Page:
The talking ceased, and Fairway gave a circular motion to the rope, as if he were stirring batter. At the end of a minute a dull splashing reverberated from the bottom of the well; the helical twist he had imparted to the rope had reached the grapnel below.

"Haul!" said Fairway; and the men who held the rope began to gather it over the wheel.

"I think we've got sommat," said one of the haulers-in.

"Then pull steady," said Fairway.

They gathered up more and more, till a regular dripping into the well could be heard below. It grew smarter with the increasing height of the bucket, and presently a hundred and fifty feet of rope had been pulled in.

Fairway then lit a lantern, tied it to another cord, and began lowering it into the well beside the first: Clym came forward and looked down. Strange humid leaves, which knew nothing of the seasons of the year, and quaint-natured mosses were revealed on the wellside as the lantern descended; till its rays fell upon a confused mass of rope and bucket dangling in the dank, dark air.

"We've only got en by the edge of the hoop — steady, for God's sake!" said Fairway.

They pulled with the greatest gentleness, till the wet bucket appeared about two yards below them, like a dead friend come to earth again. Three or four hands were stretched out, then jerk went the rope, whizz went the wheel, the two foremost haulers fell backward, the beating of a falling body was heard, receding down the sides of the well, and a thunderous uproar arose at the bottom. The bucket was gone again.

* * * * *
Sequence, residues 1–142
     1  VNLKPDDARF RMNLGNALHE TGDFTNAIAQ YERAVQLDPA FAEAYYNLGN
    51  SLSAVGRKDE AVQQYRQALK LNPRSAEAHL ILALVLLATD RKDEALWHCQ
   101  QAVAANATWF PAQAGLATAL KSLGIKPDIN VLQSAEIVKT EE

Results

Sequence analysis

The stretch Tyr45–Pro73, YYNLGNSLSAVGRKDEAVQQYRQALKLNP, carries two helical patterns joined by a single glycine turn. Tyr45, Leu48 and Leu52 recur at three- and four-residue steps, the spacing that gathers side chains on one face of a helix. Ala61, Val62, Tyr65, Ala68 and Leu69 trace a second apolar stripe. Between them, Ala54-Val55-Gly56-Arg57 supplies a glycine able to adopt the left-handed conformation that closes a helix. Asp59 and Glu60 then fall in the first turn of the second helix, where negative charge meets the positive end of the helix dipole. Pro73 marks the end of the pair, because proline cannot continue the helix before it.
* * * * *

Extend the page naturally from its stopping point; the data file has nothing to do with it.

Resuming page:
"Damn the bucket!" said Fairway.

"Lower again," said Sam.

"I'm as stiff as a ram's horn stooping so long," said Fairway, standing up and stretching himself till his joints creaked.

"Rest a few minutes, Timothy," said Yeobright. "I'll take your place."

The grapnel was again lowered. Its smart impact upon the distant water reached their ears like a kiss, whereupon Yeobright knelt down, and leaning over the well began dragging the grapnel round and round as Fairway had done.

"Tie a rope round him — it is dangerous!" cried a soft and anxious voice somewhere above them.

Everybody turned. The speaker was a woman, gazing down upon the group from an upper window, whose panes blazed in the ruddy glare from the west. Her lips were parted and she appeared for the moment to forget where she was.

The rope was accordingly tied round his waist, and the work proceeded. At the next haul the weight was not heavy, and it was discovered that they had only secured a coil of the rope detached from the bucket. The tangled mass was thrown into the background. Humphrey took Yeobright's place, and the grapnel was lowered again.